Ratzlaff fences epee with a French grip, as opposed to the more common Russian style, and focuses on controlling the distance between her and her opponent, rather than using her blade to control her opponent’s blade.

“(From the start), she understood the idea of distance, of how important distance was, and she also was willing to just do what I asked her to do,” Leavitt said. “Having someone as good as she is makes me work very, very hard to stay ahead of her. I am always working on how I’m seeing the game that she’s playing and how the other people are fencing her. ... So she’s a real challenge in that way, makes me improve, and it’s very gratifying to work with her.”

Fencing is traditionally a money-heavy sport, and Ratzlaff and Leavitt make an unorthodox pair at high-level tournaments, where the community can be dominated by kids from big-city private schools.

Often, they’re the only representatives from the Pocatello club as Ratzlaff goes up against clubs that can have dozens of kids competing at the same tournament.

“You know there’s a lot of money in it. Obviously there’s arrogance in some people, but the majority is so humble and cool and supportive,” Ratzlaff said. “For me, I’ve paid for pretty much all of my fencing, which has been very difficult, but my parents strive for that. You work for what you get. So, where I’m paying for these tournaments, it’s almost pushed me harder to be successful, because (if) I’m spending $1,000 on a tournament, I really want to make it far, I really want to do the best that I can with this opportunity. I feel like it kind of gave me that special motivation.”

For those fencers from big-money prep schools, fencing can be a way to get into an Ivy League college.

Ratzlaff knew that it could also help her get into college, but instead of the Ivies or Stanford, she had her heart set on Air Force from the beginning.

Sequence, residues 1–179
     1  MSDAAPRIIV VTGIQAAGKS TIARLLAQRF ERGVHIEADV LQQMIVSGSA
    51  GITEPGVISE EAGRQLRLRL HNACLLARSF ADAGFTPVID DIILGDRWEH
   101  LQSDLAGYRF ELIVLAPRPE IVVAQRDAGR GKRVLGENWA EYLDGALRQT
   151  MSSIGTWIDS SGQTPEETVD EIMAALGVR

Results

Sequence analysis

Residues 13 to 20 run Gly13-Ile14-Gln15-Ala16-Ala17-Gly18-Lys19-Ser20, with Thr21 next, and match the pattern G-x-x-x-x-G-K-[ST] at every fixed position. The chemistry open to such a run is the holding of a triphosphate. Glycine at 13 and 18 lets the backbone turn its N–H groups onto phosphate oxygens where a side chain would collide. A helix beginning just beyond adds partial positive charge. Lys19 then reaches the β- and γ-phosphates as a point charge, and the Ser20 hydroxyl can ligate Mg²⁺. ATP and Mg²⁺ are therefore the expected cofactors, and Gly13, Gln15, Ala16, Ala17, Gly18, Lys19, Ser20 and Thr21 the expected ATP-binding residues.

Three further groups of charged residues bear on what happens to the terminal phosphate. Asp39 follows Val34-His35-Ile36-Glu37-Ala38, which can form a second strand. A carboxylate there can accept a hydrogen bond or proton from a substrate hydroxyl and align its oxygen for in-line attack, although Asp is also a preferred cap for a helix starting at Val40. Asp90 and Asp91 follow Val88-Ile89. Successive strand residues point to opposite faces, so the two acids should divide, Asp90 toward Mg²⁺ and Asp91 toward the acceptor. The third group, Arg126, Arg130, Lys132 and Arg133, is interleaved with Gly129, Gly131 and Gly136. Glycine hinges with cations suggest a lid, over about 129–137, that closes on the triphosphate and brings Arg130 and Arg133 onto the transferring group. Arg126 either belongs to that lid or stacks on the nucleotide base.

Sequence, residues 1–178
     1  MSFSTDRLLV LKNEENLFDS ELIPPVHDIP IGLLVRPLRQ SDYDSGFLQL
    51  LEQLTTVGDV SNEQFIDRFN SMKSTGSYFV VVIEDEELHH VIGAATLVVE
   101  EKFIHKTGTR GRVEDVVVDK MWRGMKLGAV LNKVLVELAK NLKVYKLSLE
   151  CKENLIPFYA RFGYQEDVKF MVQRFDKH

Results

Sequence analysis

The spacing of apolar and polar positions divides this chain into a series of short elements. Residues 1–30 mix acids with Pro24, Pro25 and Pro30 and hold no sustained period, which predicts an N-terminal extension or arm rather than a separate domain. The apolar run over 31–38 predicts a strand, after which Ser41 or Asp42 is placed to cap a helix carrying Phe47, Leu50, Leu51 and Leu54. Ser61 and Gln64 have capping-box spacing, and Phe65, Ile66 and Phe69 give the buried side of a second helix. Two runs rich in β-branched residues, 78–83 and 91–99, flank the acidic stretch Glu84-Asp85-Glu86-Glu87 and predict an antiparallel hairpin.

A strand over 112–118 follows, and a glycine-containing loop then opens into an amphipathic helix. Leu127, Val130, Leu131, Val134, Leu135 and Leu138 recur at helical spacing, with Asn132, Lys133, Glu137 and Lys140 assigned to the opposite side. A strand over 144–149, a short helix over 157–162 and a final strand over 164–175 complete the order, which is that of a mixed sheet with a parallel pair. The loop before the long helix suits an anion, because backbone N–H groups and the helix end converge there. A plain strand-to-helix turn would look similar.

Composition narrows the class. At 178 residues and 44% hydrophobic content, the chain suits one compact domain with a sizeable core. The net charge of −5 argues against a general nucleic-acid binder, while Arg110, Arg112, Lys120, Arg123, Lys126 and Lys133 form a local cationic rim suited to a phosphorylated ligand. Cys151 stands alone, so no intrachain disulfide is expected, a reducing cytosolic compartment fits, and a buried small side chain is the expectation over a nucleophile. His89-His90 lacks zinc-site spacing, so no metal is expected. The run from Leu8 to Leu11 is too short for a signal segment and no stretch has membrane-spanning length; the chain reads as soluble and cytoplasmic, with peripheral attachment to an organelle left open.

“I want to be an astronaut, and the majority of astronauts come from the Air Force Academy,” Ratzlaff said. “I’m not dead-set on NASA or SpaceX, all I know is that I really want to go into space. My friend told me the Air Force Academy has fencing, and I was like, this will help me get there. I’m sticking to it, I’m successful at it. ... Honestly, through fencing was kind of what sparked my desire to go to the Air Force Academy. I’ve talked to the coaches since I was a sophomore, and just kind of tried to get in with them, talk to them.”

To Leavitt, fencing is one of the things that helped her get to Air Force — not because it looks good on an application, but because of the things that the sport has taught his granddaughter.

“I think that fencing has been a real gift for her, because I think it focused her and gave her the mental and physical discipline that it demanded of her,” Leavitt said. “And it let her see just how good she was, and how good she could be at something that was difficult. I think that really built her confidence, and I think it taught her a lot about herself and how to do things.”

At the Academy, Ratzlaff will be coached by former Egyptian fencer and pentathlete Omar Elgeziry, who has placed in several international pentathlon events and won multiple Egyptian national championships in epee.

The Air Force will support her travel to national and international tournaments, which will give her a chance to rack up the all-important points she needs to climb the rankings. She’ll need to be in the top four to qualify for the Olympics, with the next four also having a chance as alternates.

That’s a long way off, but Ratzlaff has already beaten the odds once by getting into the Air Force Academy.

And if she does happen to beat them again, her scheduled graduation date in 2024 happens to line up perfectly with the summer Olympics that year.

“The way the Academy works is, once you graduate, you get 60-day paid leave,” Ratzlaff said. “So within that 60 days, I believe, would be the Olympics, and so if I were to qualify, then I’d fence in the Olympics during that time. It will be very difficult, but it’s totally within reach.”